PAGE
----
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Health industry looking into antibodies of those who recovered from COVID-19 to help fight the virus

"It came back I did have the antibodies to fight the virus if I ever have it again."

JACKSONVILLE, Fla. — While the effort to find those who are carrying the COVID-19 virus at area-testing sites, the health care industry is trying to see if the antibodies from those who have recovered from the virus can help those who are seriously ill.

The blood communities, the FDA and Biomedical Advanced Research have united to investigate using collected convalescent plasma with the antibodies. The donors would be someone like Jacksonville City Councilman Sam Newby.

In March, Newby was stricken by the virus and hospitalized for five days.

"I am feeling fine now, but there were two times when I said I wasn't going to make it," he said.

Newby said during his illness he lost 19 pounds in two weeks. But after 14 days of isolation at home, he is doing well.

"I was tested this week and I am negative, my wife and I are virus-free," said Newby.'

He said he was also tested by JFRD for the antibodies.

"It came back I did have the antibodies to fight the virus if I ever have it again, he said.

On Your Side reached out to the city to see if JFRD is doing testing for the antibodies and its use. The city released this statement: 

We were recently introduced to this laboratory product to rapidly detect antibodies to COVID-19.  It is intended to compliment other testing.  All results along with the overall clinical presentation of the source patient are incorporated to determine a person's immune status relative to COVID-19.

We are evaluating this product to determine its value and role for possibly exposed and infected personnel.

There is no coordinated effort by the City Of Jacksonville and OneBlood to create a plasma donor pool

But if someone like Newby decides to donate, the blood communities will accept the donations.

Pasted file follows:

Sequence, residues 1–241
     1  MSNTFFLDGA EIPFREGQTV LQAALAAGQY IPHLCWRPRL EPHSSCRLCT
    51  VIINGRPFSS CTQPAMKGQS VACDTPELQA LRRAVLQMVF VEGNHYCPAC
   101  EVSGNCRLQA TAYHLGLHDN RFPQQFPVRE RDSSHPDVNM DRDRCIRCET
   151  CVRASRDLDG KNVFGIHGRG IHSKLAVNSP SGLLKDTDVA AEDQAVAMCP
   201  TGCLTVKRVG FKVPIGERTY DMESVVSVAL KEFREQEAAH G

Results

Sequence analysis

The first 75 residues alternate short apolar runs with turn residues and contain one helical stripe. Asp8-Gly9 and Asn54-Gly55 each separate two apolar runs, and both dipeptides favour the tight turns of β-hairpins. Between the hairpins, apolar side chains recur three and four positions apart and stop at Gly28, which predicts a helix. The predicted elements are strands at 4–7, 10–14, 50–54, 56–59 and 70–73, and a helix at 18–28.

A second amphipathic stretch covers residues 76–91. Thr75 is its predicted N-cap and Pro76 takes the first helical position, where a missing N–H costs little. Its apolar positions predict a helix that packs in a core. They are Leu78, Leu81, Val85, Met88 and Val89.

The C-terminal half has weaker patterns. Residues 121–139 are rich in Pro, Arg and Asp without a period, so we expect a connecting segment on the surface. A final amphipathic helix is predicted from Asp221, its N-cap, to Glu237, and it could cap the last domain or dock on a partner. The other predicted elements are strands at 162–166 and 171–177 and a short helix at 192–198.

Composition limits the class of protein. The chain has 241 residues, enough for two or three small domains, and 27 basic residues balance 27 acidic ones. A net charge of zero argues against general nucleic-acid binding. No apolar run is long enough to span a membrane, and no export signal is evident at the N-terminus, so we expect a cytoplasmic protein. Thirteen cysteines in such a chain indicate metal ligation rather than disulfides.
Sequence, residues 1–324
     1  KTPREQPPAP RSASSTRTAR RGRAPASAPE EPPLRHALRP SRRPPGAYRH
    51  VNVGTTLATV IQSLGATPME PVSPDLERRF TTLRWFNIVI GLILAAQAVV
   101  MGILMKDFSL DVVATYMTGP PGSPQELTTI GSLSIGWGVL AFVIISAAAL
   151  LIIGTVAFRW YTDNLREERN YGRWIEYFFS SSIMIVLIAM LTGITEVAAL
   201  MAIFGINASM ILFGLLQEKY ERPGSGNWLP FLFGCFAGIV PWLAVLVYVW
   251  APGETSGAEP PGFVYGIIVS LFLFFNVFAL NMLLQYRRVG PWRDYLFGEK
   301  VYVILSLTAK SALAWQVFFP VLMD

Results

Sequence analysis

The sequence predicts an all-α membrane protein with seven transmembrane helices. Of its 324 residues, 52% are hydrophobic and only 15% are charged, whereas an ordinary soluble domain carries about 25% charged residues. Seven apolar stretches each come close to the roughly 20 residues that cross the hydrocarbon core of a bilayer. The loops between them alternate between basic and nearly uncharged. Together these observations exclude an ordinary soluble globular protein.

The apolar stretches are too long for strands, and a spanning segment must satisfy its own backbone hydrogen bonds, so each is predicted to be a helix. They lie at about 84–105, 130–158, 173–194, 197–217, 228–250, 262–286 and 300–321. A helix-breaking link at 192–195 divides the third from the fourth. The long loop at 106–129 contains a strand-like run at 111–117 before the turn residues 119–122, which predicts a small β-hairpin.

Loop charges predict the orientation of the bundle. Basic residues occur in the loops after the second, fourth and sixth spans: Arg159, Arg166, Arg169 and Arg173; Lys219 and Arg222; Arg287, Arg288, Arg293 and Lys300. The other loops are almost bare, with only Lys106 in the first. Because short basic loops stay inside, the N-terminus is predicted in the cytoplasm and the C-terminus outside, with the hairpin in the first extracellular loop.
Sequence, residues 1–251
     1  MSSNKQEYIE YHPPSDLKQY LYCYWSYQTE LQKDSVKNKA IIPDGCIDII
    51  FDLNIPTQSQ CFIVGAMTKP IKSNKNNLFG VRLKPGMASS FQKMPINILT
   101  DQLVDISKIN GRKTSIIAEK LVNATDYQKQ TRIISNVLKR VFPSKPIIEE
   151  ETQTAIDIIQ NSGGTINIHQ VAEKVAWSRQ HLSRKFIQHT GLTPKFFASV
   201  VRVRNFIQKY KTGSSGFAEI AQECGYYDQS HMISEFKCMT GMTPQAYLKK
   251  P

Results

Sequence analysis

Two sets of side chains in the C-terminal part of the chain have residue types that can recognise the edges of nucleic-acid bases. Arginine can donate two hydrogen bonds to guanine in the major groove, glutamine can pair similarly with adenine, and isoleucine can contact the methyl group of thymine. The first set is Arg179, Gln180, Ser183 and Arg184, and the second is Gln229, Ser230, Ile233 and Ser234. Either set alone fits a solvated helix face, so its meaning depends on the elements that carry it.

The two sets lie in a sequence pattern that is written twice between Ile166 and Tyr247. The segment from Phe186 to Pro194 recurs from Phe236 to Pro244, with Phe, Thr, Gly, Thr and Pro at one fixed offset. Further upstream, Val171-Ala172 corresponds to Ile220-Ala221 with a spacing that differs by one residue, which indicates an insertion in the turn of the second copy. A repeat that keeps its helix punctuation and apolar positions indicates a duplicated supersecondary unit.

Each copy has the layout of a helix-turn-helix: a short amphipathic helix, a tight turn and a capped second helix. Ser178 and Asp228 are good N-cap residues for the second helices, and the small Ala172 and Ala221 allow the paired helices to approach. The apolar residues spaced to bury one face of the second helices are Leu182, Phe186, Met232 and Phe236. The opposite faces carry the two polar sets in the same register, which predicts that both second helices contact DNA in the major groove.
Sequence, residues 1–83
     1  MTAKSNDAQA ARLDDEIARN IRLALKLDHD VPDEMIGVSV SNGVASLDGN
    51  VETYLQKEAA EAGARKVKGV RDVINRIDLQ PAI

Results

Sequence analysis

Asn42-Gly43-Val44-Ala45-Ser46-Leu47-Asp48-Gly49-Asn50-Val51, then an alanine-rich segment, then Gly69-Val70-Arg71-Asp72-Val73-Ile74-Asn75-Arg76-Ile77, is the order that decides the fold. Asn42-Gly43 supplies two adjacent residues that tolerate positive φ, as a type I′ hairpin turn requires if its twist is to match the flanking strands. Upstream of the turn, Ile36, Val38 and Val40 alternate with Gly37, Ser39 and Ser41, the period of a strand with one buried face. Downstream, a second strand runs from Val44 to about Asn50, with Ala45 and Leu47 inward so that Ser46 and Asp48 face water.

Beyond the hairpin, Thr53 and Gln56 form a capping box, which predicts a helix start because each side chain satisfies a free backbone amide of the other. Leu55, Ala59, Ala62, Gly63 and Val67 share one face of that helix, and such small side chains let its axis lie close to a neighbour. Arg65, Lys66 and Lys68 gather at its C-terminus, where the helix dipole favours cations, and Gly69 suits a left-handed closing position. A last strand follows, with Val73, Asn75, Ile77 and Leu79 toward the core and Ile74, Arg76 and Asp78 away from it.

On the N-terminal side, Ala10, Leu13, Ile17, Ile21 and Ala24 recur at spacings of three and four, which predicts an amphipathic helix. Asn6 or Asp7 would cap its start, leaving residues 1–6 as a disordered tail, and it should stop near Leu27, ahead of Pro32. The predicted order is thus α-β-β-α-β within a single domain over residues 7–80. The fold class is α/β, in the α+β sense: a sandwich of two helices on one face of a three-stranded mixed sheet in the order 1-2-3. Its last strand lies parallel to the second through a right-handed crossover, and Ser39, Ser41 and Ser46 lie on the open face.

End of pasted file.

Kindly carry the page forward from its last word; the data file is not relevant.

This week, the FDA rolled out guidelines for what it is calling Investigational COVID-19 Convalescent Plasma since this type of therapy has not yet been approved by the agency.

Newby said he has not been asked to donate but he is ready to give his plasma.

This statement from the Red Cross points to guidelines in being a donor: 

(April 6, 2020) The U.S. blood community has joined the U.S. Food and Drug Administration and Biomedical Advanced Research and Development Authority in a national effort to support the collection and distribution of convalescent plasma, a potentially life-saving treatment for critically ill COVID-19 patients.

While this coronavirus pandemic is unprecedented, the U.S. blood community has a long history of working together to provide lifesaving blood products to patients during times of need. This new initiative is yet another example of this collaborative spirit. All blood centers are working in tandem to support this initiative and increase production in the coming days and weeks.

Individuals who have contracted COVID-19 and have fully recovered have developed antibodies to the virus; these antibodies may help patients seriously ill with COVID-19 in their recovery. To be eligible to donate convalescent plasma, individuals must meet all regular blood donor requirements, be completely symptom-free for at least 14 days, as well as meet additional qualifications.

Individuals who have had a confirmed case of COVID-19 and have since experienced a full recovery should contact their local blood center to determine their eligibility. Hospitals and physicians should also contact their regular blood provider for more information